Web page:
Last month I decided to officially leave university. When I say officially, I mean this time I have made a permanent decision. The decision to leave happened the first two days into the induction week. Yep, that's right, I never even made it to the second week! If you don't know already (briefly mentioned in an old post), I started university last year and did the exact same thing, except I had decided to transfer to another university. When I transferred to my new university I studied one semester, just before starting the new one I completely lost interest and enthusiasm for the course, so I dropped out and transferred to another course at the same university. It's all very muddled and all over the place! But that brings us back to last month when I had started university again in a new course at the same university just about to start the induction week.
I left the house the Monday of induction week in a terrible mood. I felt anxious and unhappy knowing that something just didn't feel right and that feeling just wouldn't budge for the whole day. The second day after enrolling with the university, I sat outside for lunch under a tree and starting to weigh out my options. I decided to think logically about the whole thing as well as paying more attention to what would be best for me. I always knew I never really wanted to go to university, it never appealed to me, but I felt like I had to go because that's where everyone else was going. When we were asked my most dreaded question 'what do you want to do when you leave school?', I never had a true answer, I was so indecisive about everything. I had no clue what I wanted to do for a career, I loved anything creative so when the time came to choose a university and course I decided to pick something that I thought I would enjoy.
That's when I look back and think how I could have just listened to myself in the beginning and decided not to go in the first place. But now I see it all in a different perspective, I think the experience I have had with the small amount of time that I was at university has given me more strength. It's given me the strength to listen to myself and make decisions much better than I used to.
I left university because I wanted to, not because I couldn't handle the work because I could, I just lost all interest. I feel like a weight has lifted of my shoulders now that I have left university, my anxiety didn't particularly help when I was there but I can now see a much better improvement. When I look at the whole experience I don't think it was a total waste of time, I think it gave me more of a chance to confirm officially whether it was right for me or not, I can at least say that I tried.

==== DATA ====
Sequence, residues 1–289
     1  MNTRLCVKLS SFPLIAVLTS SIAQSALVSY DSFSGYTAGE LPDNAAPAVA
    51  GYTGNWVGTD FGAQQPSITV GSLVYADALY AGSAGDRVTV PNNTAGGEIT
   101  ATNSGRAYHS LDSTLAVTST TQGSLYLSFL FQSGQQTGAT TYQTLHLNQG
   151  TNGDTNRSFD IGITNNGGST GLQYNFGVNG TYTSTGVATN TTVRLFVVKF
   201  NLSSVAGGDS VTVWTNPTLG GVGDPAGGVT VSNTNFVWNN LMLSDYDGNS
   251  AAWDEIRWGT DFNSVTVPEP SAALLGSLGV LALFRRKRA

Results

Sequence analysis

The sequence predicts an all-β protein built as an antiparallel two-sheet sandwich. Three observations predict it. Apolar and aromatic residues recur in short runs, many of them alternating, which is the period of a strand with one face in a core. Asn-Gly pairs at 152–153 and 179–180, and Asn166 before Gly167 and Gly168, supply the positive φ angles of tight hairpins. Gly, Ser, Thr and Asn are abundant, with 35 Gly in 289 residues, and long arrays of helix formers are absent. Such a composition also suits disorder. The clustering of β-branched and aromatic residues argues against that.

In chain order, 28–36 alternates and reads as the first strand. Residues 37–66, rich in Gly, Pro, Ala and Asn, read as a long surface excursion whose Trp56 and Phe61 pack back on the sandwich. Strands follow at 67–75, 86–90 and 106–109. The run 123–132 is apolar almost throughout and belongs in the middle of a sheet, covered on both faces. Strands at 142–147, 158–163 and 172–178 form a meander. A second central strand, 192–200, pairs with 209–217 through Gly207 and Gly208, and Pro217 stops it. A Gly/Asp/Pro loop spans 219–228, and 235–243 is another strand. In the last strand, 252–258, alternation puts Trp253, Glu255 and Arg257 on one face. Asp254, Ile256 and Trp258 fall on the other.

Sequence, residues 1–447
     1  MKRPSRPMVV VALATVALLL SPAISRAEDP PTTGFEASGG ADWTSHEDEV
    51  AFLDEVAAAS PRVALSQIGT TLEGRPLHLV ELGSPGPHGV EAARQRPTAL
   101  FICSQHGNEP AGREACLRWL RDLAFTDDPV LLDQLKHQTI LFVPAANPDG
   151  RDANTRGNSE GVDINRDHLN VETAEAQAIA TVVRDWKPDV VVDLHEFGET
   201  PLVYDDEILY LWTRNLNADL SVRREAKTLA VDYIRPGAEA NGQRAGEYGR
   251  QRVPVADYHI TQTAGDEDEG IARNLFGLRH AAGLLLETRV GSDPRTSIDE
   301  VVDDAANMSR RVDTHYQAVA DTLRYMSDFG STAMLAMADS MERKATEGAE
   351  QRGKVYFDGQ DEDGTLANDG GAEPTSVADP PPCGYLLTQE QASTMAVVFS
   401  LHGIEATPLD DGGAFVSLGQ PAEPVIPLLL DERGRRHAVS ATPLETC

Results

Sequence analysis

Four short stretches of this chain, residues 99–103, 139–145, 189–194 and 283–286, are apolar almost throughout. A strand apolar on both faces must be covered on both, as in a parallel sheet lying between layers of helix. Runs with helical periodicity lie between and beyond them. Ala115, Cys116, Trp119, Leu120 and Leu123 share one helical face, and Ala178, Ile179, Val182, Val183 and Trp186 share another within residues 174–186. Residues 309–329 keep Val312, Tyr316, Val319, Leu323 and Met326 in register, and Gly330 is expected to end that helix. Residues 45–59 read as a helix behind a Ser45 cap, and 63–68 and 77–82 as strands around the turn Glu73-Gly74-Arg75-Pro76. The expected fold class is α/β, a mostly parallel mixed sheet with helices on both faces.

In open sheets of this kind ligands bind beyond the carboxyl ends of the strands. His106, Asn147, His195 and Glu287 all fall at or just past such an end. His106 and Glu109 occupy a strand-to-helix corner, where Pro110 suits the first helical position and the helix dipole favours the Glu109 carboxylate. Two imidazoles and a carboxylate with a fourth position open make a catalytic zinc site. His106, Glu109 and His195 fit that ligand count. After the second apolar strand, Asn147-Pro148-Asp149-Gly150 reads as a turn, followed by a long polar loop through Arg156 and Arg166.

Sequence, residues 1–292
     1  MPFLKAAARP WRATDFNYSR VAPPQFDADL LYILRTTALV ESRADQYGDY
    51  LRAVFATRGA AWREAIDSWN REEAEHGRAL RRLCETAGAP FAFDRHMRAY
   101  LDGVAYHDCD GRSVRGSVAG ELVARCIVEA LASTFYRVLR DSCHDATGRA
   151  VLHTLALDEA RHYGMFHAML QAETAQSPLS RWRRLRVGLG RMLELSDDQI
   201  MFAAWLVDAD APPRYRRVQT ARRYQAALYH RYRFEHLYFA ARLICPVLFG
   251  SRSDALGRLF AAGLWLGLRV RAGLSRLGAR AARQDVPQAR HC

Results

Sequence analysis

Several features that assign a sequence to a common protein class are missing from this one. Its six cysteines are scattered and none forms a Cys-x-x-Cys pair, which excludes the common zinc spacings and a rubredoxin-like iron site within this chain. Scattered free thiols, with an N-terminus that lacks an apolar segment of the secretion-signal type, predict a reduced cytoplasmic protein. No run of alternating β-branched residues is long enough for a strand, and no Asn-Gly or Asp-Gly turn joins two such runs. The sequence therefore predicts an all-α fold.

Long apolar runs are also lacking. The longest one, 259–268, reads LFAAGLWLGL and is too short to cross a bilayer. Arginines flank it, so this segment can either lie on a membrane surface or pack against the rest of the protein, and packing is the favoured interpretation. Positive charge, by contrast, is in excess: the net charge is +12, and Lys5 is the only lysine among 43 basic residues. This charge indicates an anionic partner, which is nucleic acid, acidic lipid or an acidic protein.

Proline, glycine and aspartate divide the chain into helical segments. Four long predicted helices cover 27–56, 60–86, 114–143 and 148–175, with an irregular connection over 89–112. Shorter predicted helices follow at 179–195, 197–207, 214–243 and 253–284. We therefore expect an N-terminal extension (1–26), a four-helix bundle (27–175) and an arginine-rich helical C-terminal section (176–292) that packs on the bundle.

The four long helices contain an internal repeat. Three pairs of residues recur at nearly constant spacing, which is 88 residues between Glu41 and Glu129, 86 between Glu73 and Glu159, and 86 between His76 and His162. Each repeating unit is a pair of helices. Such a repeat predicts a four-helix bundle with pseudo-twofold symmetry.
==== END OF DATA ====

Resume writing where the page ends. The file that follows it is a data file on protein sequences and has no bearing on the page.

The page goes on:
To anyone who is feeling the same about university, unsure about whether you should leave or if you're unsure if you even want to go in the first place. Don't ever feel like you are a failure just because you can't carry on with something that isn't right for you. You should feel proud of yourself for doing what you think is best for you, not shaming yourself or feeling like you're letting everyone else down. Because why do something that you're not passionate or enthusiastic about? Don't ever force yourself into doing something that you don't want to do. You want to be happy not pretend to be happy. Same rules apply to if you're in a job and you're starting to feel like something isn't right, so you start to think whether you should carry on or not, just always choose what is right for you.
Follow your heart, listen to your gut instinct. 'If you're not excited about it, it's not the right path.'
One of the biggest things I've learnt is to not keep all your worries to yourself, speak to a member of your family, your best friend or even someone who is within the university like a careers advisor or student advisor. Because someone will always be there to help you out, they can't be the one to make a decision for you but they can help you out if you need to know what options are available to you. It could be the course you want to change, transferring to a new university or finding out what happens next after withdrawing from university.
It's a difficult decision to make but this has definitely been my most important decision that I've made so far! For most people university can be the greatest experience for them! But it just wasn't for me. I'm much more happy and can now have the time to concentrate on my recent new job and think about where I can go from here. 'Some day we will find what we are looking for, or maybe we won't, maybe we will find something much greater than that'.
What's your university story?